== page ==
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SEWER CAMERA INSPECTION
Don’t let the biggest pipe in your home be a drain on your wallet
The cost of a drain line repair can get expensive quickly. The cost and inconvenience of these repairs can escalate if driveways, landscaping or even sidewalks have to be torn out and replaced. Problems exist in new and old homes alike. Older homes can have issues due to the age of pipes and root systems. During new construction if the drain line trench was not properly back filled then run over with heavy equipment damage can occur.
Every buyer should consider a sewer scope to be an integral part of their due diligence. Without question, main drain line inspections should be performed on every house.
Why Should I Check the Sewer Line?
During a home inspection, we visually inspect the exterior of the accessible drain lines. Unfortunately, most of the main drain line is not visible. Knowing the condition of your drain lines is important because damage can cause issues that can be expensive to repair.
A sewer scope is a long cable with a camera that is sent into the drain line to observe the condition of the pipe. We access the drain line through a readily accessible clean out. The inspector will determine the best access point, and the report will outline where the line was entered. The camera inspection does not scope every drain line in the home or all the drain lines running underneath the house.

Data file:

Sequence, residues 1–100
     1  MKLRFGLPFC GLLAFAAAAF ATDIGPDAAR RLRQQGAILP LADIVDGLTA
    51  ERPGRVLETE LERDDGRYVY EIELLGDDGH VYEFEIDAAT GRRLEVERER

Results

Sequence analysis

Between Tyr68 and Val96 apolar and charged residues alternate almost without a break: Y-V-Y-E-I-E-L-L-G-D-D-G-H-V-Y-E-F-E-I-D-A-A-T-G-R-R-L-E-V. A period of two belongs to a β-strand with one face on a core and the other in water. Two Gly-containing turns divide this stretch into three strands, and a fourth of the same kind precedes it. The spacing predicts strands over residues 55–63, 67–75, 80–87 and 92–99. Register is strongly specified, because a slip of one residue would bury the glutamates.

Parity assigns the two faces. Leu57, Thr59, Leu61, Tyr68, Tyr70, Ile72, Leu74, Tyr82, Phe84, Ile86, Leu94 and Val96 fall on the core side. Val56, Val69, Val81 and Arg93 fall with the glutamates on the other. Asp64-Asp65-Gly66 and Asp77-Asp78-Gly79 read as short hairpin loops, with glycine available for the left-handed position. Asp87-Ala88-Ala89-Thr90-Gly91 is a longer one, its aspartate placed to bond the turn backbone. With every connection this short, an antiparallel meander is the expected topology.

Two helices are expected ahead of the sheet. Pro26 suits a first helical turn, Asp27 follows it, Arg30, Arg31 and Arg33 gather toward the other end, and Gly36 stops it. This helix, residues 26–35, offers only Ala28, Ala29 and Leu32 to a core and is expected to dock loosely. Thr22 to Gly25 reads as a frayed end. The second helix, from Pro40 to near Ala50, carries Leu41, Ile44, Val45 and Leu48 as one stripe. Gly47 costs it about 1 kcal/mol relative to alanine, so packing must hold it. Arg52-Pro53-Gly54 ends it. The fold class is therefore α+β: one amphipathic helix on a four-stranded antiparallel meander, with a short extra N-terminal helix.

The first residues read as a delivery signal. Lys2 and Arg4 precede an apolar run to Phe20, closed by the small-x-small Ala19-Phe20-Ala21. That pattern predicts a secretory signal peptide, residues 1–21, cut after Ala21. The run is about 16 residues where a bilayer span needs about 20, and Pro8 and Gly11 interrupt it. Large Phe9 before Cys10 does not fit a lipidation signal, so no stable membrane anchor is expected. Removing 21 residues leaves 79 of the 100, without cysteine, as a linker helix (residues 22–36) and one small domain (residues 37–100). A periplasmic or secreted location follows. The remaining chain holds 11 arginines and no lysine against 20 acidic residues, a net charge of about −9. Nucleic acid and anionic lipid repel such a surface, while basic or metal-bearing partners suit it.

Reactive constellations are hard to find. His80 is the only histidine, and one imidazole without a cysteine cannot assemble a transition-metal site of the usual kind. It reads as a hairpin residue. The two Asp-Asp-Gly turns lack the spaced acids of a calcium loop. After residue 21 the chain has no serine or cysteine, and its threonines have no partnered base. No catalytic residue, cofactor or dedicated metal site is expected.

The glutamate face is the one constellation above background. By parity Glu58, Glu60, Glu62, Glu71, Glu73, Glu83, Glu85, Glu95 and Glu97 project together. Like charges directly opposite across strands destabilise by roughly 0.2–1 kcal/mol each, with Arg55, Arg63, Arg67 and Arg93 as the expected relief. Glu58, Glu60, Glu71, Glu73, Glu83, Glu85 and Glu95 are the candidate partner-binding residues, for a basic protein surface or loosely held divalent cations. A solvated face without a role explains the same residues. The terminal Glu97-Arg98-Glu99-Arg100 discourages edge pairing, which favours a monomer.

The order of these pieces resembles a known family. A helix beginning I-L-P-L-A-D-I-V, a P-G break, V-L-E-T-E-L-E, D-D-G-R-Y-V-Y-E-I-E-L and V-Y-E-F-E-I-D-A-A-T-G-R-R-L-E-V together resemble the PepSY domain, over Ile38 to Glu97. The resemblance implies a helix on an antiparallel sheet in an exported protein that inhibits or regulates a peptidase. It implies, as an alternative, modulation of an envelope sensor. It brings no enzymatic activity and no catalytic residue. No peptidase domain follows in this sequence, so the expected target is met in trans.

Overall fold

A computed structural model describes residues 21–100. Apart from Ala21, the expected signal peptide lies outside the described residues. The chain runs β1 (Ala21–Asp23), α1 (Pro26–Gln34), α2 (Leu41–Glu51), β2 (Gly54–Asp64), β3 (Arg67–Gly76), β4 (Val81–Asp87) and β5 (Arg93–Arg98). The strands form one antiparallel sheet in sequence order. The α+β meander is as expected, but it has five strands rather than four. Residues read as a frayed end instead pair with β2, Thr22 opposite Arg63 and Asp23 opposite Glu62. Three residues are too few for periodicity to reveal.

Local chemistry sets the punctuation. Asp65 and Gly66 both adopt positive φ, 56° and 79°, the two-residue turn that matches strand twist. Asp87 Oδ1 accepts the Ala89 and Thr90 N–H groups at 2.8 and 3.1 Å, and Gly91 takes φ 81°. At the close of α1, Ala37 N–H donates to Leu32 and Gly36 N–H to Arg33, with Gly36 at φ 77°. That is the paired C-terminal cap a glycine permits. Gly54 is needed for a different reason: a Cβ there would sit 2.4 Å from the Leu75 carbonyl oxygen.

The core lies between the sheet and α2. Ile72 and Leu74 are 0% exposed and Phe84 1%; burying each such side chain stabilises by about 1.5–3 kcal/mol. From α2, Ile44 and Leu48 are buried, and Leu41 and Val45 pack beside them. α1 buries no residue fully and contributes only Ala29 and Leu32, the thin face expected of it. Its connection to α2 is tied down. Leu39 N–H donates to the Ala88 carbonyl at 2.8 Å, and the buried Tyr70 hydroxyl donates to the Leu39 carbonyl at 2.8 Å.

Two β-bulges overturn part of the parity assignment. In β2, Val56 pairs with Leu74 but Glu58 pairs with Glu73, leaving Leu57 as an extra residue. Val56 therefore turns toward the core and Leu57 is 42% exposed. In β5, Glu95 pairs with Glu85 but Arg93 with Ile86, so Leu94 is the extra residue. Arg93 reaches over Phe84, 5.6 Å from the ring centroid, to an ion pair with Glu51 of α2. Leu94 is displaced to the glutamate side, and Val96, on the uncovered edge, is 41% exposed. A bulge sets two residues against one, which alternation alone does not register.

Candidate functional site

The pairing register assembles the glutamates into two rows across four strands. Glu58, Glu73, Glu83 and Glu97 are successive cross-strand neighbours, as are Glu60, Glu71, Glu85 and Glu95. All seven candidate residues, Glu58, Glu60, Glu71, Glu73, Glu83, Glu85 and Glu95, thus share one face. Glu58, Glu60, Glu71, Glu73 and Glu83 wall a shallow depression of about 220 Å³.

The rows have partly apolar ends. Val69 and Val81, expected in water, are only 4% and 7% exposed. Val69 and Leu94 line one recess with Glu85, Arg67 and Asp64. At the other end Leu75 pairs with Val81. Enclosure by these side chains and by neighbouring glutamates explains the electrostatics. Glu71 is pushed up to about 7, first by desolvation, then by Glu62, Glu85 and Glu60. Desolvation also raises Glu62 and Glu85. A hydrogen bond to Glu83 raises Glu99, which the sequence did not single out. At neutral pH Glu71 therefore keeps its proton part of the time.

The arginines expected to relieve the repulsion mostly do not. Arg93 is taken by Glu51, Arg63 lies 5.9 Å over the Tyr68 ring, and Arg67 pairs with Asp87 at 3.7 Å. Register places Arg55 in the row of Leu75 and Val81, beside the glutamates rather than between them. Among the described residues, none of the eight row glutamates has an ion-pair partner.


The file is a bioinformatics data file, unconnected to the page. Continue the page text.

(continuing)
The intent is to inspect the line that runs from the house to the final service point and to inspect this buried line for defects. This information can be used to make decisions about when to re-pipe and consider costs for such work, which is great to know before purchasing a home.
This is a recent picture from a sewer line that was installed 8 years ago in an established neighborhood during an extensive remodel. The tree roots had lifted the drain line causing a separation.
Many property owners are not aware that they are responsible for the sewer line from the house to the city main. Broken, flat, bellied, offset, or root-infested sewer lines can cause sewage to back up into a house leading to property damage. Insurance companies may pay for cleanup and restoration, but repair or replacement of the line is typically excluded, which can cost thousands of dollars to repair.
Our inspection includes:
Video scan of the main drain line or “lateral”
Accessing the main drain line from a standard cleanout
A written report including the findings
Pictures and videos, when needed to show detected issues
We do not include:
Removing plumbing fixtures such as a toilet to access the drain
Climbing on the roof to access drains
Adding cleanouts to the drain or forcing or cutting off old cleanouts.
Researching the issuance of permits
Determining the adequacy of the drain
Any repairs whatsoever
Providing any quotations for repair
Accessing, evaluating or operating sewer ejector pumps
All other Limitations, Exceptions, Exclusions as set forth in the Inspection Agreement
Don’t risk a sewer back up in your home. Our inspectors will scope your lines and present you with an UNBIASED review of your system.